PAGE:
I find myself writing a lot about tension and stake in stories, and from now on, I'm going to use Siege and Storm as an example of a second book that keeps you on the edge of your seat.
Alina and Mal escape the Darkling, but not for long. My darling Darkling is more wicked than ever and dreams of him being an anti-hero begin to slip away as I'm convinced he is an intimidating villain through and through. Blurring the hero issues, is a newcomer, the sea-worthy scoundrel, Strumhond. The dialogue between Alina and Strumhond snaps, crackles and pops and I found myself wanting more scenes with the two of them.
But, this story is about stakes and Alina's role as a saint and savior to a desperate population leaves me wondering will she be able to out-power the Darkling? See what I mean? TENSION.
I'm going to end the review with a fact. I read both books over two days. And I'm pretty sure you will, too. Now excuse me, while I go and read the last installment, because I'm pretty sure the Darkling doesn't like to be kept waiting. (less)
* Review posted on Page Turners Blog on 5/18/2014*
True confession: I sooooooo didn't want to read this book. I didn't want to read it for a...more* Review posted on Page Turners Blog on 5/18/2014*
True confession: I sooooooo didn't want to read this book. I didn't want to read it for all the reasons that may cause some of you to hesitate. Here are my top 3 reasons for waiting:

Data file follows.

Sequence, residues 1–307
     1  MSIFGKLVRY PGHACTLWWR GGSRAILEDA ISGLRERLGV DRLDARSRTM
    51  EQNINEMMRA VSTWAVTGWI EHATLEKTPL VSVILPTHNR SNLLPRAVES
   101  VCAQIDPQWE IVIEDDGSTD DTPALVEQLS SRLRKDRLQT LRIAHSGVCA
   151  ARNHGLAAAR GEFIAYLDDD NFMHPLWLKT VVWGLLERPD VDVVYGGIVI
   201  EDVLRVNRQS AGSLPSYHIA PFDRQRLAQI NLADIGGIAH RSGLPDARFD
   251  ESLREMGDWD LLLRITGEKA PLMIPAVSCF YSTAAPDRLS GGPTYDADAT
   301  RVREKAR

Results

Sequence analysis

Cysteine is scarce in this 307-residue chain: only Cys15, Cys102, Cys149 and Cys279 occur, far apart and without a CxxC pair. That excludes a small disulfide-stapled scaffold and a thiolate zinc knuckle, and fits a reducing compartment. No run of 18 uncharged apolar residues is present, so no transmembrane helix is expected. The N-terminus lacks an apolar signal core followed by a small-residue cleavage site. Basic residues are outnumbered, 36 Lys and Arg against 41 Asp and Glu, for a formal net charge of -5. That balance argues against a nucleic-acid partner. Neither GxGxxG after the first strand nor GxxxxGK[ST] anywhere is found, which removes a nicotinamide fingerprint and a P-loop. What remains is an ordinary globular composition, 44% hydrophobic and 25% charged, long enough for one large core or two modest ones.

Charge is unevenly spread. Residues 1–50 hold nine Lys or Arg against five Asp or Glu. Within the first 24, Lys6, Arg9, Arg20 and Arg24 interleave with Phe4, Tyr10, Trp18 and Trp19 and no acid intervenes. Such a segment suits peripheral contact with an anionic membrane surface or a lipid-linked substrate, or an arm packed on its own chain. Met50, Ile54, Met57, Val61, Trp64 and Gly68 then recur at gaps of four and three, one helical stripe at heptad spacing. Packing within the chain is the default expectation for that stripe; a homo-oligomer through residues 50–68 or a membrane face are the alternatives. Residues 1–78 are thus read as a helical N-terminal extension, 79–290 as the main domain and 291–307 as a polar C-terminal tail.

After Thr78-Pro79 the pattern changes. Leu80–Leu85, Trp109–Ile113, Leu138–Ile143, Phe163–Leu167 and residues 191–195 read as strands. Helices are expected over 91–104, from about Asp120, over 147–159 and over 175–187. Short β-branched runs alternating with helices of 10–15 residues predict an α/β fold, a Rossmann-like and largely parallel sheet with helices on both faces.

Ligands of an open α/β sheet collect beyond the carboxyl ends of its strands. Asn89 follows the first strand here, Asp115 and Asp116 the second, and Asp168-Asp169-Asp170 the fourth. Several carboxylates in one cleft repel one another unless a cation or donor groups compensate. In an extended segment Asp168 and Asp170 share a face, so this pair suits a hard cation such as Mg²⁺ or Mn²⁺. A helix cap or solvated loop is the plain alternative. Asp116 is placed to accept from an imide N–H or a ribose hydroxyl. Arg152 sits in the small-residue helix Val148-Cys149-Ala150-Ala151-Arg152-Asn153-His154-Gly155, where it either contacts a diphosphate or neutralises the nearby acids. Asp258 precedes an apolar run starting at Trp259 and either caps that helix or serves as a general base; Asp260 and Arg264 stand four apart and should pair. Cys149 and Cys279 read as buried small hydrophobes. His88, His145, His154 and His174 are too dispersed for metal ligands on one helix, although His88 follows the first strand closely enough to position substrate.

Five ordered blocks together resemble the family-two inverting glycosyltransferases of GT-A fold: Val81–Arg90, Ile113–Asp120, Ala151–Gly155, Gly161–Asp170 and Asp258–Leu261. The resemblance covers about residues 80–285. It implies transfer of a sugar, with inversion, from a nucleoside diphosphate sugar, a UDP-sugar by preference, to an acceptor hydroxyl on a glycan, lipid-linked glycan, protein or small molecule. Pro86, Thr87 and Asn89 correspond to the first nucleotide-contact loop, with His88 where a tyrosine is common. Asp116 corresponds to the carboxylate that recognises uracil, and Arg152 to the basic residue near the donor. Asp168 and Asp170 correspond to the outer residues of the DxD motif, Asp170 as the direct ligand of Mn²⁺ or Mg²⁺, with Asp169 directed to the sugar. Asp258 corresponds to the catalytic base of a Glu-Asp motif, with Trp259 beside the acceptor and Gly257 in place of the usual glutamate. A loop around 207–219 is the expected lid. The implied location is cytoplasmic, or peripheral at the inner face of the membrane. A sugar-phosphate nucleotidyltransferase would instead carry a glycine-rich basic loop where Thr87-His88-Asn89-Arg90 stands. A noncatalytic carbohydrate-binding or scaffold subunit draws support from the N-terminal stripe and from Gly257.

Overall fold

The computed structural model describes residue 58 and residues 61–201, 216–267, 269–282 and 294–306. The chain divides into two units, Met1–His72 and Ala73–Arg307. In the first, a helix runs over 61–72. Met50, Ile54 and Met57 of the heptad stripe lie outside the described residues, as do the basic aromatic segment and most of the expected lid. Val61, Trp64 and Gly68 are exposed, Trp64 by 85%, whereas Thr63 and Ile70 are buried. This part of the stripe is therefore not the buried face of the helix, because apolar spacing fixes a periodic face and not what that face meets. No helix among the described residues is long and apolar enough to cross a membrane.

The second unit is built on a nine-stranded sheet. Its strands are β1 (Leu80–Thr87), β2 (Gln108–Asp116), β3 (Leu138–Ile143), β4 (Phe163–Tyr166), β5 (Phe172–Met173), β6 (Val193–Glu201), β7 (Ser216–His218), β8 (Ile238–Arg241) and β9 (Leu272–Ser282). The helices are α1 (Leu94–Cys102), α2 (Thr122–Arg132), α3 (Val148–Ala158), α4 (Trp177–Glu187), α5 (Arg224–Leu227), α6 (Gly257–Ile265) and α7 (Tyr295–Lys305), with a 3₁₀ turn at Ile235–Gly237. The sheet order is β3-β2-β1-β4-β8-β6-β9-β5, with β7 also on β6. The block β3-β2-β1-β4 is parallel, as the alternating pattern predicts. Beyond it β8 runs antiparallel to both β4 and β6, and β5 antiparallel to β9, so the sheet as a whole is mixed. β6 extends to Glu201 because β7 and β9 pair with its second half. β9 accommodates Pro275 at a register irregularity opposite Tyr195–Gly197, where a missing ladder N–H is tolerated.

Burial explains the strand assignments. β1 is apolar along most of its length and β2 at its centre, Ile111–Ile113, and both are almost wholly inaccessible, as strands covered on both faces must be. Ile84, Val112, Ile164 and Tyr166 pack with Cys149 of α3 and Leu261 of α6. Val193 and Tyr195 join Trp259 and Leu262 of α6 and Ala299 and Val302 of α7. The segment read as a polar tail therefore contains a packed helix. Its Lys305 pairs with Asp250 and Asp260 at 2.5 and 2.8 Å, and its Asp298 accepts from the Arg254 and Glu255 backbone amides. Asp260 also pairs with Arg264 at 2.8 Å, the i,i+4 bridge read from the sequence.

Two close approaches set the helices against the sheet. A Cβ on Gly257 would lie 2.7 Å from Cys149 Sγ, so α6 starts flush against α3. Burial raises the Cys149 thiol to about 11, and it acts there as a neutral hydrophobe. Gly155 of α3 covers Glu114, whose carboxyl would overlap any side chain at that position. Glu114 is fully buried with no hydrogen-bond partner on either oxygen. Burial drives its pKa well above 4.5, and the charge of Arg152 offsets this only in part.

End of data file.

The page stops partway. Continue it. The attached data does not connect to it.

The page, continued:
3) The Big C: Most of us have lost close friends or family members to cancer, and those of us who have, hate the Big C with a passion. I, personally, would love to see all cancers be a thing from the past. I'd like for them to survive only in history books.
2) Oh, Those Great Expectations: It's John Green, you guys. JOHN GREEN. I loved An Abundance of Katherines (I even made my freshman son read it, so I could have someone to talk to about it. And yes, yes he loved it as much as I did.) and I loved Paper Towns even more. Lately, I've read a few books that my fellow reviewers have gushed about, but they've left me lukewarm or downright not interested. Could JOHN GREEN (in my mind, his name must be emphasized if not shouted from the rooftops) write a cancer story that wouldn't leave me completely depressed, devastated or worst of all, disappointed?
1) All The Feels (I didn't want to feel): Ah yes, the real reason I didn't want to read TFioS. You guys, I'm a mom of three and that line where Hazel overhears her mom say that she would no longer be a mom if Hazel died (oh heck yes, I do read reviews of books I may not want to read)? Weeeeeeell, that was reason enough for me to avoid the book altogether. I admit I'm weak and that my mama-heart just couldn't handle that thought.
But one day while watching all the TFioS movie hoopla unfold, I thought to myself maybe I should check out the audiobook. And guess what? iTunes has it on sale during the month of May for only $5.95. I love a good bargain, so I purchased it and began listening.